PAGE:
118.New section 136B stipulates who can authorise the issue of a closure notice and on what grounds the issuing of a closure notice can be authorised.
119.Subsection (1) states that a member of a police force not below the rank of police superintendent can authorise the issue of a closure notice if three conditions are met.
120.Subsections (2) to (5) state that the first condition is that the member of the police force must have reasonable grounds to believe that during the relevant period the premises were used for activities relating to one or more of the specified prostitution offences and/or specified pornography offences. The relevant period is three months ending with the day on which the officer is considering whether to authorise the issue of the notice. This condition will not be met if only one person obtains all of the sexual services in question.
121.Subsection (6) provides that the second condition is that the officer has reasonable grounds for believing that the making of a closure order is necessary to prevent the premises being used for activities related to one or more specified prostitution or pornography offences.
122.Subsection (7) states that the third condition is that the local authority has been consulted and that reasonable steps have been taken to establish the identity of any person who resides on the premises or who has control of, responsibility for or an interest in the premises.
123.Subsection (8) ensures that an officer may authorise the issue of a closure notice for premises where he believes that a closure order is necessary to prevent activities relating to an offence from taking place, regardless of whether the officer believes the offence has already been committed or not.
124.Subsection (9) provides that the authorisation for the issue of a closure notice may be given orally or in writing, but should be confirmed in writing if given orally.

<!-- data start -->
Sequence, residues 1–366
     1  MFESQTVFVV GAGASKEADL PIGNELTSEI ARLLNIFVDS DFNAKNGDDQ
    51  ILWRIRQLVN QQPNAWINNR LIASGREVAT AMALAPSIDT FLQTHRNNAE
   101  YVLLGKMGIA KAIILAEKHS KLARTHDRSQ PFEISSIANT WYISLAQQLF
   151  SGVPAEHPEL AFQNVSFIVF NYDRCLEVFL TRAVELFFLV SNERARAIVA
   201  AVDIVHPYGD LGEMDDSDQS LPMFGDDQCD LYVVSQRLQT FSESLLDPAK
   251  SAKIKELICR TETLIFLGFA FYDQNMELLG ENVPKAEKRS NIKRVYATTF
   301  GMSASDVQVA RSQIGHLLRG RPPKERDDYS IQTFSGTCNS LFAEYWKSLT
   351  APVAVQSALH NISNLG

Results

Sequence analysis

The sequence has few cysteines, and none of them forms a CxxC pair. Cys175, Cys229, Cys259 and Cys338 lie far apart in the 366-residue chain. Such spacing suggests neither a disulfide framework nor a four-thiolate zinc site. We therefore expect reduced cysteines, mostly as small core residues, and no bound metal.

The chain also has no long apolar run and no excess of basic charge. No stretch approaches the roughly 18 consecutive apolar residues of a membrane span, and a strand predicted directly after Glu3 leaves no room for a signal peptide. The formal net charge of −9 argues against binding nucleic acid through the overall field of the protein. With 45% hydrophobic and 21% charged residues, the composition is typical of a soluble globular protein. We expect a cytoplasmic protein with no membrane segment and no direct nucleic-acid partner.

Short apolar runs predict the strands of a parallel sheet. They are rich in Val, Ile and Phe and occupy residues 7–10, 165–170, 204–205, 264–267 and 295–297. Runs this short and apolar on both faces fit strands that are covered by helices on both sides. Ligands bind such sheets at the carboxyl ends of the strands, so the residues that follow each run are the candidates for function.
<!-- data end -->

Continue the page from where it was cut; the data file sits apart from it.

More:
125.Subsection (10) provides that a closure notice can be authorised whether or not a person has been convicted of a prostitution or pornography offence that the authorising officer believes has been committed.
126.Subsection (11) enables the Secretary of State by regulations to exempt premises or descriptions of premises from the application of this section.
127.New section 136C specifies the required contents of a closure notice and how it should be served.
128.Subsection (1) stipulates what information the closure notice must contain. Subsections (2) to (5) state the requirements in relation to service of the notice. A constable must serve the notice by attaching a copy to at least one prominent place on the premises and any outbuildings, fixing it to each normal means of access to the premises and so far as is reasonably practicable giving it to people identified as residing in or having control of, responsibility for or an interest in the property. A constable must also serve the notice on any person who occupies any other part of the building in which the premises are located if their access will be impeded by a closure order unless it is not reasonably practicable to do so.